So, uh, this is weird: An Egyptian statue that has been in the same case for eighty years has recently started slowly spinning in a circle. Did we mention it’s a statue of Osiris, which as we all learned from comic books is the lord of the Egyptian underworld? OK, so he also granted all life in the actual mythology, but this story is much better with a “lord of the underworld” hook.
It’s so subtle that you can’t see it with the naked eye. But you can see it with helpful stop motion video recorded by the Manchester Museum!
As you can see, the statue slowly spins throughout the day. Rather creepily, though, the statue hasn’t left that case for eight decades; it was tossed in there when it was first found, and has stayed put until very recently.
Logically, of course, this means that, at best, people are about to start dying mysteriously with their brains removed near the Manchester Museum, and at worst, Manchester is about to be invaded by the Goa’uld. But some scientist of course has to weigh in with some dweeby and obviously wrong theory about friction:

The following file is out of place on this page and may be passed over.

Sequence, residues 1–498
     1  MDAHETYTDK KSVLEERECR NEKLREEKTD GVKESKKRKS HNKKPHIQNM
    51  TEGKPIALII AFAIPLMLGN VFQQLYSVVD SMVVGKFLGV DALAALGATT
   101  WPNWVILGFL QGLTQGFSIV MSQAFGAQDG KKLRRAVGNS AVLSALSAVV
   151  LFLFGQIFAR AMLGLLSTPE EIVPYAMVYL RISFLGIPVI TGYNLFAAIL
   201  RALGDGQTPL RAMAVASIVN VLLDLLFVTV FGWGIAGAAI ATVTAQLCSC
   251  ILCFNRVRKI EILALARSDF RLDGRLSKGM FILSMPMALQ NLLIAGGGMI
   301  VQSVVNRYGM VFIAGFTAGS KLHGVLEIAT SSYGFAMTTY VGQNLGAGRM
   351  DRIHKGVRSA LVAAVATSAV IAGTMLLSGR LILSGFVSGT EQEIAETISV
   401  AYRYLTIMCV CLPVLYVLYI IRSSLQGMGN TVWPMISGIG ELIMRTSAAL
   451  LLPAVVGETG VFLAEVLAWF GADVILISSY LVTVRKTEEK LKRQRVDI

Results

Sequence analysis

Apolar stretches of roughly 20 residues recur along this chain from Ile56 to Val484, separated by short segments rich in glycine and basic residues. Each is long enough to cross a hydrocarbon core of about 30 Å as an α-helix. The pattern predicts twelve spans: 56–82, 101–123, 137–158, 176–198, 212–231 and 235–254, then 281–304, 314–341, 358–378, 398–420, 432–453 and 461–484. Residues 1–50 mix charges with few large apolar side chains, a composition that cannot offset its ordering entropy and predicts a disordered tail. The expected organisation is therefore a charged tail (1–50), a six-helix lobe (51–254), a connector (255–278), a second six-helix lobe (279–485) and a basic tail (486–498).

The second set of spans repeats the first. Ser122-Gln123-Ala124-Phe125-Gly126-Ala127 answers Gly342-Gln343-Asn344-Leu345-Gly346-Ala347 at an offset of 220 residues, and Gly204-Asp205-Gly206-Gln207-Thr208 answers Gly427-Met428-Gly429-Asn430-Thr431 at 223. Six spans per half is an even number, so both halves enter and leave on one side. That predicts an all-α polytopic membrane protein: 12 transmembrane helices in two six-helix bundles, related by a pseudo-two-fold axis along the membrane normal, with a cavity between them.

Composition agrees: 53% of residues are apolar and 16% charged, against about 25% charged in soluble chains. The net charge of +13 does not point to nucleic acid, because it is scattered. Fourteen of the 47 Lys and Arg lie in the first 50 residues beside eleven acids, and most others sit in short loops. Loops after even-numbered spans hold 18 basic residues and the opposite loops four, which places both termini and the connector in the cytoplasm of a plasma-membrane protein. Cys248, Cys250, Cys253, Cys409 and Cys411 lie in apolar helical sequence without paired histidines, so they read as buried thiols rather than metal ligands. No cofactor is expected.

Professor Brian Cox [Ed. Note: No, the physicist, not the actor], who teaches physics at the city’s university, claims the movement is due to the “differential friction”.
You’ve doomed yourself, Cox. Seriously, only mayors of seaside towns attacked by sharks are at more risk of an ironic death.
Joking aside, Cox is likely right; if you watch the video, you’ll notice the statue seems only to spin when people are up and about. That would indicate that there some sort of subtle vibration running through the case, due to a change in foot or road traffic, and moving the statue, which makes it an incredibly neat demonstration of complexity theory and how we affect our environment without even realizing.
But assuming a Goa’uld invasion is more fun, so we’re going with that. Protect ya neck, people.
image courtesy MGM Television
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